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Polydipsia and Polyuria (excessive drinking and urinating) in Dogs

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  • "Nephrogenic" diabetes insipidus

    This disorder is a result of the kidney's inability to respond properly to anti-diuretic hormone, which normally facilitates water reabsorption in the kidney tubules. Usually this disorder is secondary to other problems (e.g. hypokalemia, hypercalcemia), but very rarely it can represent a congenital kidney defect (a problem present at birth). Treatment depends on the initiating cause or symptomatic treatment may be necessary when no underlying disorder can be identified.

  • Central diabetes insipidus

    This disorder is result of a deficiency of anti-diuretic hormone secretion from the pituitary gland at the base of the brain. It can be "idiopathic" (that is, of unknown cause), due to head trauma or due to a tumor in the pituitary gland. Water deprivation testing and response to anti-diuretic hormone administration confirm the diagnosis. A drug called DDAVP (a synthetic form of anti-diuretic hormone) is administered intra-nasally in drop form to treat central diabetes insipidus.

  • Hypoadrenocorticism

    This disorder is diagnosed by the adrenocorticotropin response tests (failure to respond). Treatment consists of intravenous fluids and replacement of missing steroid hormones.

  • Pyelonephritis

    This disorder can be difficult to diagnose because identification of urinary tract infection by urine culture and sensitivity does not localize the infection to the kidneys. Diagnosis requires integration of complete blood count results, urine culture and sensitivity results, contrast dye study of the kidney ("intravenous pyelogram" or "excretory urogram"), ultrasound of the kidney, and possibly kidney biopsy. Treatment requires long-term administration of antibiotics.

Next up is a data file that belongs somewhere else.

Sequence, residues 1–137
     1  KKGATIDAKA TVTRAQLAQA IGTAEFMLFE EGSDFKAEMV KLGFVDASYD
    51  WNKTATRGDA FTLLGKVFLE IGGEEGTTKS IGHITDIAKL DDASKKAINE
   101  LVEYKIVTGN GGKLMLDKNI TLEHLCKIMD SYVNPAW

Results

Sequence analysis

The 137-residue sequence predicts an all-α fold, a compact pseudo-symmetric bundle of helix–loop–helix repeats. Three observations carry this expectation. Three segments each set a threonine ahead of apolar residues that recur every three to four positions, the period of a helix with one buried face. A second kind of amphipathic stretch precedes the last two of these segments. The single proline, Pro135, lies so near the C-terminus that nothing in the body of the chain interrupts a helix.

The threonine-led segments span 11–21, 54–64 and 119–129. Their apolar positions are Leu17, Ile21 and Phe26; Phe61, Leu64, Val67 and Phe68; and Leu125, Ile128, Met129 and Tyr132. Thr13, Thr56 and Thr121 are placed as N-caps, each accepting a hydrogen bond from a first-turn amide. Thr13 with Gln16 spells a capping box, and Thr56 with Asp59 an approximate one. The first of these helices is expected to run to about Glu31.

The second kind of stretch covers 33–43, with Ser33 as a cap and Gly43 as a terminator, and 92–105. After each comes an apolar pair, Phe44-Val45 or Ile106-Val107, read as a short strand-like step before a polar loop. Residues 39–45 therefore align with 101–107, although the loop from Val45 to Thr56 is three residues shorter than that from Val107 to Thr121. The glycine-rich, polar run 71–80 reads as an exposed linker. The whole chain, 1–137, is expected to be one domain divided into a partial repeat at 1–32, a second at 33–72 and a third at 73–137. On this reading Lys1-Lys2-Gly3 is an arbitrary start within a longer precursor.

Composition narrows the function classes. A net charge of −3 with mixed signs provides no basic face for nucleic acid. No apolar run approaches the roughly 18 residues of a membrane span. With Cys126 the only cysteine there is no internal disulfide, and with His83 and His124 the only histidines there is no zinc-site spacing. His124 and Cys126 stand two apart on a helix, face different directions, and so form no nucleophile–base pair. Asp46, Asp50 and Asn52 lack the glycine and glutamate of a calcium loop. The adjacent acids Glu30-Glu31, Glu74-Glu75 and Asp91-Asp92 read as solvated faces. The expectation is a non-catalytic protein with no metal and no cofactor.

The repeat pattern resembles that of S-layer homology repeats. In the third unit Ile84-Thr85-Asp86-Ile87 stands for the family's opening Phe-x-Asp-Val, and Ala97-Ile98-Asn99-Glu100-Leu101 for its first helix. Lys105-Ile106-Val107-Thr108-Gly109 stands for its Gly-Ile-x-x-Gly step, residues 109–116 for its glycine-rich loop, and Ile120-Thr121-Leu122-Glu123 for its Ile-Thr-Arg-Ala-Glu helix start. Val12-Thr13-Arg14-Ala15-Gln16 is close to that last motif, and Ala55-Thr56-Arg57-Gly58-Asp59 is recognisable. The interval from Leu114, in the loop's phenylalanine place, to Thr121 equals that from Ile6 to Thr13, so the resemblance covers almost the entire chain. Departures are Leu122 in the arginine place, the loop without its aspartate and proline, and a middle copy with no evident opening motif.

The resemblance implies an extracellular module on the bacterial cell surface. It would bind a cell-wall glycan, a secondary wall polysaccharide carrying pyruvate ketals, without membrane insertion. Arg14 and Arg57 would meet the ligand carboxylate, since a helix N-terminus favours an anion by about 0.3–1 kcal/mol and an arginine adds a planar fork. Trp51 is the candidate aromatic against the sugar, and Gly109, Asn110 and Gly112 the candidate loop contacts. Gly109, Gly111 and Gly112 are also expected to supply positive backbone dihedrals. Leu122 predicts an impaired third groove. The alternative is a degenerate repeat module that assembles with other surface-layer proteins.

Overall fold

• Psychogenic polydipsia (compulsive water drinking)

    This behavioral disorder is diagnosed on the basis of water deprivation testing after excluding other causes of polyuria and polydipsia. Most veterinarians perform gradual water deprivation to avoid confusion that can arise from loss of normal kidney concentrating ability that can arise simply as a result of longstanding polyuria ("renal medullary washout"). Treatment includes behavioral modification, gradual water restriction and occasionally drugs to counteract obsessive-compulsive behavior.

  • Iatrogenic ("caused by treatment")

    This cause of polyuria and polydipsia is managed by discontinuing the offending medical treatment.

  • Pyometra (uterine infection)

    This disorder is diagnosed based on history (i.e. older intact female dog), complete blood count, and abdominal X-rays or ultrasound. Treatment involves surgery to remove the infected uterus or occasionally prostaglandin type drugs to evacuate the uterus if it is open and draining.

  • Liver disease

    Diagnosed by serum biochemistry tests (including bile acids), abdominal ultrasound, and liver biopsy if necessary.

    Definitive therapy of polyuria and polyuria depends on the underlying cause.

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